Senators Urge FDA to Remove Limitations on Blood Donations From Gay Men Amid Blood Supply Shortage
A historic blood shortage in the United States due to the COVID-19 pandemic has put even more pressure on the Food and Drug Administration (FDA) to lift the deferral that prohibits gay and bisexual men donating blood if they are currently having sex with other men.
Last week, 22 U.S. senators sent a letter to the FDA and the Department of Health and Human Services insisting the FDA to lift the deferral and allow gay and bisexual men. New York’s Senators, Kristen Gillibran (D-NY) and Charles “Chuck” Schumer (D-NY), did not sign the letter; however, New Jersey’s Senator Cory A. Booker did sign the letter.
"The legacy of bans on blood donation continues to be painful, especially for LGBTQI+ communities," the White House official told ABC News in a statement. "The President is committed to ensuring that this policy is based on science, not fiction or stigma. While there are no new decisions to announce at the moment, the FDA is currently supporting the 'ADVANCE' study, a scientific study to develop relevant scientific evidence and inform any potential policy changes."
Blood donations from gay and bisexual men started in the AIDS crisis during the 1980s, specifically, 1983 when the federal government implemented a lifetime ban on men who have sex with men from the year 1977 onward. The ban was intended to stop HIV positive blood being donated but HIV/AIDS can happen to anyone, not just gay and bisexual men.
Risk factors include having unprotected anal or vaginal sex; sharing contaminated needles, syringes or other injecting equipment; receiving unsafe injections or medical procedures; accidental needle sticks (typically happens with healthcare workers, but not always); amongst others, according to the World Health Organization (WHO).
In 2015, the FDA lifted the lifetime ban that prohibited gay and bisexual men from donating blood at any point in their life to a one-year deferral, meaning that a gay or bisexual man would be eligible to donate blood if they abstained from sex for one year.
The Human Rights Campaign (HRC) stated in a release: “Donors are deferred based on their membership in a group — in this case, all men who have sex with men — rather than engagement in risky behavior, such as unprotected sex. For example, a man who has had protected oral sex with another man once in the 3 months currently barred from donating blood. Yet a woman who has had unprotected sex with multiple partners over the same time frame with no knowledge of their personal histories remains in the donor pool.”
In April 2020, the FDA announced that it would update the policy regarding the gay and bisexual men who donate blood and reduce the deferral period of one year to three months. However, this includes those who test negative for HIV/AIDS, practice safe sex, are monogamous or all of the above.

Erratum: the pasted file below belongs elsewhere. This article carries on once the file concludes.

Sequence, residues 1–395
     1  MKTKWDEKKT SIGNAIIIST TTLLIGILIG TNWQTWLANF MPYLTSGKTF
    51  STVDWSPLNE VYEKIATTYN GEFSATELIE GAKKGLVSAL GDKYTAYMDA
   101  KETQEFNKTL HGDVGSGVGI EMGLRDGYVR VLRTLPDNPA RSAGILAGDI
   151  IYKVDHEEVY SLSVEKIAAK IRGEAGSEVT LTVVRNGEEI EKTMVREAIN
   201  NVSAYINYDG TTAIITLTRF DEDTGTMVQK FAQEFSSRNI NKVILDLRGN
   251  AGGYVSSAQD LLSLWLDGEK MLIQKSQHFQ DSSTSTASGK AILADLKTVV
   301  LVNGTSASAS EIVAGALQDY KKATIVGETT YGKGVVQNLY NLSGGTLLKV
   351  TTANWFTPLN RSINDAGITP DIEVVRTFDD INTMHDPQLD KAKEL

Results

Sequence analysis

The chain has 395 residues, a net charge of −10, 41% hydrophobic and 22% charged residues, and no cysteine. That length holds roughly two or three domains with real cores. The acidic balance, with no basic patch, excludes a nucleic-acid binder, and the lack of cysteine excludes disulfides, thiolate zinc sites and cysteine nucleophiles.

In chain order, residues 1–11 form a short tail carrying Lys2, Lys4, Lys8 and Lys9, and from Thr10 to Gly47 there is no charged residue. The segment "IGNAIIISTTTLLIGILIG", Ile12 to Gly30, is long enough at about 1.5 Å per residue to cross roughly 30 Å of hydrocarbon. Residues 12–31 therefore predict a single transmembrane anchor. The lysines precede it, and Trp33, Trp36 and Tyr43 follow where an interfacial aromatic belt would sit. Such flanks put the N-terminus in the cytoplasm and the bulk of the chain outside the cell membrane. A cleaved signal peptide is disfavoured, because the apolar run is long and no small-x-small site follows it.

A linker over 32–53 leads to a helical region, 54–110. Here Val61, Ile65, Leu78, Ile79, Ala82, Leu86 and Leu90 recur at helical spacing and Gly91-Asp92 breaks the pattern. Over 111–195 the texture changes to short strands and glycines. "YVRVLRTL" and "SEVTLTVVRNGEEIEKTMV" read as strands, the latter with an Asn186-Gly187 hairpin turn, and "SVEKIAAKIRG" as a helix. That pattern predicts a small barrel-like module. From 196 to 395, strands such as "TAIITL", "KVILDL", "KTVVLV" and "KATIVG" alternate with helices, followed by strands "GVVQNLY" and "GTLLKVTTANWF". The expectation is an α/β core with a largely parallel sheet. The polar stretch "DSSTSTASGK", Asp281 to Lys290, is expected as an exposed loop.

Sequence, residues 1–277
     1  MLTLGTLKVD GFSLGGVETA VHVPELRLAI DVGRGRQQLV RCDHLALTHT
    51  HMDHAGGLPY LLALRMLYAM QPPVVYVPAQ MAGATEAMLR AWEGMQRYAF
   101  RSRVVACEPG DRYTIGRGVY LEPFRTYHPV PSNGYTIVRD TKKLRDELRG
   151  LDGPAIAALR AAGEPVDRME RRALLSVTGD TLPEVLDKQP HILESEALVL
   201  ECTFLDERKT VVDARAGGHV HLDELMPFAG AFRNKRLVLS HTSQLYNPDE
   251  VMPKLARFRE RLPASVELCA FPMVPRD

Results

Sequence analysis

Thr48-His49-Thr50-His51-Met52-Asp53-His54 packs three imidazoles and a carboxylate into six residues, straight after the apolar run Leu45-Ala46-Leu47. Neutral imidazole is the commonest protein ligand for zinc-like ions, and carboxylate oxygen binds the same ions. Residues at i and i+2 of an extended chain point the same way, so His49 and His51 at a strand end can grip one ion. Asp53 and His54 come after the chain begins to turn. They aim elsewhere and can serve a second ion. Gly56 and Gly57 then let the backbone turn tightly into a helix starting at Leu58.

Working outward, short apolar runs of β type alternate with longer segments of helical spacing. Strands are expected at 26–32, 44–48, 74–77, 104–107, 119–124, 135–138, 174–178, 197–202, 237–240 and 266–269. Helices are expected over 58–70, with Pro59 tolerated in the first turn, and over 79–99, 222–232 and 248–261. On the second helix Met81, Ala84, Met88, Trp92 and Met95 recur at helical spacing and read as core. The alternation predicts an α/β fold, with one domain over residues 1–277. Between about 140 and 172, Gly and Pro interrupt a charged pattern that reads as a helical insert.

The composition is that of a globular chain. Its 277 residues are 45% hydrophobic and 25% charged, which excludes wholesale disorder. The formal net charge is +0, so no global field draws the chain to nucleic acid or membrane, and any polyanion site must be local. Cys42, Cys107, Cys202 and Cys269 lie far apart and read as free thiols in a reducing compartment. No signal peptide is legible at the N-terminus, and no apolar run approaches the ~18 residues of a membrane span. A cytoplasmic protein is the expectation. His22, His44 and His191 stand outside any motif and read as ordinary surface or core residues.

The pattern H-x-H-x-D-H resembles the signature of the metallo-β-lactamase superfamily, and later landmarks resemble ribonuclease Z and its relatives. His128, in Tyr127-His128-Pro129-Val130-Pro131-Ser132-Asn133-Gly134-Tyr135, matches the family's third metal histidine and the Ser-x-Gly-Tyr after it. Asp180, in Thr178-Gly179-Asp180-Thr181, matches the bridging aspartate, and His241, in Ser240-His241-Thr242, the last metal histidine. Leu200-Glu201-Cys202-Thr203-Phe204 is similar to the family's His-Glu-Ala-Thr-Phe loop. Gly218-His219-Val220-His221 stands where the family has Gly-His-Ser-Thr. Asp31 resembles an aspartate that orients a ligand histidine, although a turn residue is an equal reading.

“HRC has strongly encouraged FDA to revise the donor questionnaire based on an individual risk assessment of sexual behaviors upon which all donors are evaluated equally, without regard to sexual orientation or gender identity,” HRC stated in the release.
The senators who penned the letter called the deferral discriminatory and outdated. “It is critical that all patients have access to the health care services they need during this pandemic, and for many, the availability of blood and blood products is a necessary component of care. Unfortunately, a significant drop in the number of donations during the COVID-19 pandemic has resulted in a serious shortage of available blood,” the letter read.
The senators who did sign the letter include one of the few publicly “out” politicians, Tammy Baldwin (D-WI).
“As the medical community continues to express urgency for Americans to donate blood, there is still a discriminatory and unnecessary FDA policy in place that hinders healthy gay and bisexual men, as well as other LGBTQ people, from doing so, many of whom are willing and wanting to donate blood during this health crisis,” Rich Ferraro, GLAAD’s chief communications officer, told the Huffington Post last week.
The news comes as the American Red Cross announced last week that the United States is experiencing the “worst blood shortage in over a decade. The dangerously low blood supply levels have forced some hospitals to defer patients from major surgery, including organ transplants.” America is experiencing a national blood crisis for the first time ever.
The American Red Cross has asked citizens to consider donating blood immediately as the nation’s blood supply went from enough for five days, to less than one day reserve.
“Winter weather across the country and the recent surge of COVID-19 cases are compounding the already-dire situation facing the blood supply,” Dr. Baia Lasky, the medical director for the Red Cross, wrote in a statement. “Please, if you are eligible, make an appointment to give blood or platelets in the days and weeks ahead to ensure no patient is forced to wait for critical care.”
To give blood in New York City, visit the New York Blood Center.